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October 19, 2021 00:46:05
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Episode 92: A Conversation with Senator Paula Simons on Copyright, the Internet and the Future of Media in Canada

Earlier this year, Senator Claude Carignan introduced Bill S-225, a bill that purports to address concerns about the viability of the Canadian media sector by amending the Copyright Act. The Senate has been studying the bill in recent weeks with Senator Paula Simons serving as the bill critic and one of the leads on the issue. Senator Simons was a longtime journalist before being appointed to the Senate and while an ardent supporter of local journalism, she has been critical of the proposed legislation. She joins the Law Bytes podcast to discuss the state of journalism in Canada, why she doesn’t think the social media companies “stole” stories from the media, and what Canada should be doing to encourage innovation in the media sector. The podcast can be downloaded here, accessed on YouTube, and is embedded below. Subscribe to the podcast via Apple Podcast, Google Play, Spotify or the RSS feed. Updates on the podcast on Twitter at @Lawbytespod. Show Notes: Bill S-225 Senator Simons Speech on Bill S-225, May 25, 2021 Geist, The Copyright Bill That Does Nothing: Senate Bill Proposes Copyright Reform to Support Media Organizations Credits: TRCM: Conservative Sen. Claude Carignan appears at committee for Bill S-225, June 2, 2021 ...

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October 19, 2021 00:35:32
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Episode 93: Lex Gill on the RCMP, Clearview AI and Canada's History of Surveillance

Earlier this month, the Privacy Commissioner of Canada released a scathing report on the RCMP’s use of facial recognition technology, particularly its work with Clearview AI. The report was particularly damaging as the Commissioner found that the RCMP wasn’t truthful when it said it didn’t work with Clearview AI and then gave inaccurate information on the number of uses when it was revealed that it did. In fact, even after these findings, the RCMP still rejected the Privacy Commissioner’s findings that it violated the Privacy Act. Lex Gill is a Montreal-based lawyer where she is an affiliate at the Citizen Lab and teaches at McGill University’s Faculty of Law. She has also worked at the Canadian Civil Liberties Association and the Canadian Internet Policy and Public Interest Clinic. Lex joins the podcast to discuss the Commissioner’s findings and to explain why this is best viewed as part of a long cycle of surveillance that has often targeted social movements or vulnerable populations. The podcast can be downloaded here, accessed on YouTube, and is embedded below. Subscribe to the podcast via Apple Podcast, Google Play, Spotify or the RSS feed. Updates on the podcast on Twitter at @Lawbytespod. Show Notes: OPC, Special report to Parliament on the OPC’s investigation into the RCMP’s use of Clearview AI and draft joint guidance for law enforcement agencies considering the use of facial recognition technology Credits: CityNews, RCMP Violated Privacy Act by Using Facial Recognition: Privacy Commissioner ...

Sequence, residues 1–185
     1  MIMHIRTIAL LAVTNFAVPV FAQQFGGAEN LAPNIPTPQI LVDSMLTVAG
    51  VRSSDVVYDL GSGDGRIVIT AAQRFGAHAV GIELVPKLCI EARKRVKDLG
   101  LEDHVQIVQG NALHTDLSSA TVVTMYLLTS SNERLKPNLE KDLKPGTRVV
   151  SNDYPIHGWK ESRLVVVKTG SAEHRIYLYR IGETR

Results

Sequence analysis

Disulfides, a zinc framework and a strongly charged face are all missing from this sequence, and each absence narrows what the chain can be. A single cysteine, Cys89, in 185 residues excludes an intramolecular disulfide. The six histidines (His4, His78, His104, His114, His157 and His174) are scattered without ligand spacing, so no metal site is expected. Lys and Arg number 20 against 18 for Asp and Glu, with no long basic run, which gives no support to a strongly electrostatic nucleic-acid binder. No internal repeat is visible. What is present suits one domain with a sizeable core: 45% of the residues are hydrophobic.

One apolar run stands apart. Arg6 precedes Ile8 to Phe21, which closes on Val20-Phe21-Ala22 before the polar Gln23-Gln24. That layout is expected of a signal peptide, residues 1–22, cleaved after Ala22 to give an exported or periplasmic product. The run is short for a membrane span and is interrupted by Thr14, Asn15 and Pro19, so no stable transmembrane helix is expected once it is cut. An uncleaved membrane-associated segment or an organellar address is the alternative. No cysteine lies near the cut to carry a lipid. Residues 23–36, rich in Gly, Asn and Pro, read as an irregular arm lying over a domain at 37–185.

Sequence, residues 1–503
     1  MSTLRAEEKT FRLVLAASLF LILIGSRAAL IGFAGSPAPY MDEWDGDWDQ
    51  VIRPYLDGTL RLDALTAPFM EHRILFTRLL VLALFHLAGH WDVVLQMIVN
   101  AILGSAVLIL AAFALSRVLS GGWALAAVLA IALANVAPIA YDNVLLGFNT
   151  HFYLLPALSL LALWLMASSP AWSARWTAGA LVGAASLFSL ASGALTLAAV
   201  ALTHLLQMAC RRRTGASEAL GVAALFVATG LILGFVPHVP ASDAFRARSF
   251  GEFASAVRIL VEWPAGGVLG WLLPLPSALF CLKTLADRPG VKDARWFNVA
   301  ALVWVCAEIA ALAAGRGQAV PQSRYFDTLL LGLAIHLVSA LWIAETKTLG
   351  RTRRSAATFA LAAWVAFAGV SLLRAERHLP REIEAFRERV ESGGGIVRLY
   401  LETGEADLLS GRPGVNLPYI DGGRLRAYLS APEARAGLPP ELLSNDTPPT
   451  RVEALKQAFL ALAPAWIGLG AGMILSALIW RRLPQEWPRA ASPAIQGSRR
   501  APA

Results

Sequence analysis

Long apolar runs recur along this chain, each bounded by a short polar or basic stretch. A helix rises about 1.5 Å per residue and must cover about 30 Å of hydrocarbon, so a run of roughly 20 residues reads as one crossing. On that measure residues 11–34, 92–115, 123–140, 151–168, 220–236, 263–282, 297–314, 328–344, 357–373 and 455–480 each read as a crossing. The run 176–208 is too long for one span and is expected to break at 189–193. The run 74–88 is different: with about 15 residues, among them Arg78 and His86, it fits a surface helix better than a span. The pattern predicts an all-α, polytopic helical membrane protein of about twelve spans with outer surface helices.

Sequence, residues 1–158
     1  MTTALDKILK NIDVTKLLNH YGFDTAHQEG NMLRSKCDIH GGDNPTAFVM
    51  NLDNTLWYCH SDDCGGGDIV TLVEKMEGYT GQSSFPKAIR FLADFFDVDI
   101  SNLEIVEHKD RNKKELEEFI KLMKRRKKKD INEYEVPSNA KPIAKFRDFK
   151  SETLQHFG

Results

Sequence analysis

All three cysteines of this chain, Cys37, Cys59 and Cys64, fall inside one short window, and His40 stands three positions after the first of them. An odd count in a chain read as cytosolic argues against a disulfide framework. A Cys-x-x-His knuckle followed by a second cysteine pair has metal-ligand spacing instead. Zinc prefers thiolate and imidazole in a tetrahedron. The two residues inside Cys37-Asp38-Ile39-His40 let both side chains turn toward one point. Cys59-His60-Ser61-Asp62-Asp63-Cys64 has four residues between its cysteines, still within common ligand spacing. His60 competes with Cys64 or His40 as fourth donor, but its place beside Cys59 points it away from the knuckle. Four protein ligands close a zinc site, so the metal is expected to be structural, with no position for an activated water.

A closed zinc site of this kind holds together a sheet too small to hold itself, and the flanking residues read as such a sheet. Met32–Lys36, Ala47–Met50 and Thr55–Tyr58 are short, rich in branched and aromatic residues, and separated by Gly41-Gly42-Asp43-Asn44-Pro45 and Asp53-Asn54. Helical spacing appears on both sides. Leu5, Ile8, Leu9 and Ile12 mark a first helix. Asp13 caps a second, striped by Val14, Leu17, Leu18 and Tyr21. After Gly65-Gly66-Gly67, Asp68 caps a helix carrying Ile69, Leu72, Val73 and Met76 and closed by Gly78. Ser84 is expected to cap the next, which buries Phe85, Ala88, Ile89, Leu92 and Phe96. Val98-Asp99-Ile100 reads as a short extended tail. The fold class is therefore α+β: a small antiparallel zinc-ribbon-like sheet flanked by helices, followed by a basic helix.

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October 19, 2021 00:39:38
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Episode 94: Former CRTC Vice Chair Peter Menzies Reflects on the Battle over Bill C-10

The Liberal government strategy to push through Bill C-10 bore fruit last week as the controversial Broadcasting Act reform bill, received House of Commons approval at 1:30 am on Tuesday morning. Bill C-10 proceeded to receive first reading in the Senate later that same day and after a series of Senate maneuvers, received second reading from Senator Dennis Dawson the following day. That sparked Senate debate in which everyone seemed to agree that the bill requires significant study and should not be rubber-stamped. Speeches are likely to continue on this week after which the bill will be sent to committee. Given that the committee does not meet in the summer, an election call in the fall would kill Bill C-10. Peter Menzies is a former Vice-Chair of the CRTC and one of the most outspoken experts on Bill C-10. He joins the Law Bytes podcast to reflect on the last two months of the Bill C-10 debate, discuss the limits of CRTC regulation, and explore what comes next. The podcast can be downloaded here, accessed on YouTube, and is embedded below. Subscribe to the podcast via Apple Podcast, Google Play, Spotify or the RSS feed. Updates on the podcast on Twitter at @Lawbytespod. Show Notes: Peter Menzies, Bill C-10: Control-Freak Ottawa Confronts the Future. And the Future is Losing Credits: House of Commons, June 21, 2021 ...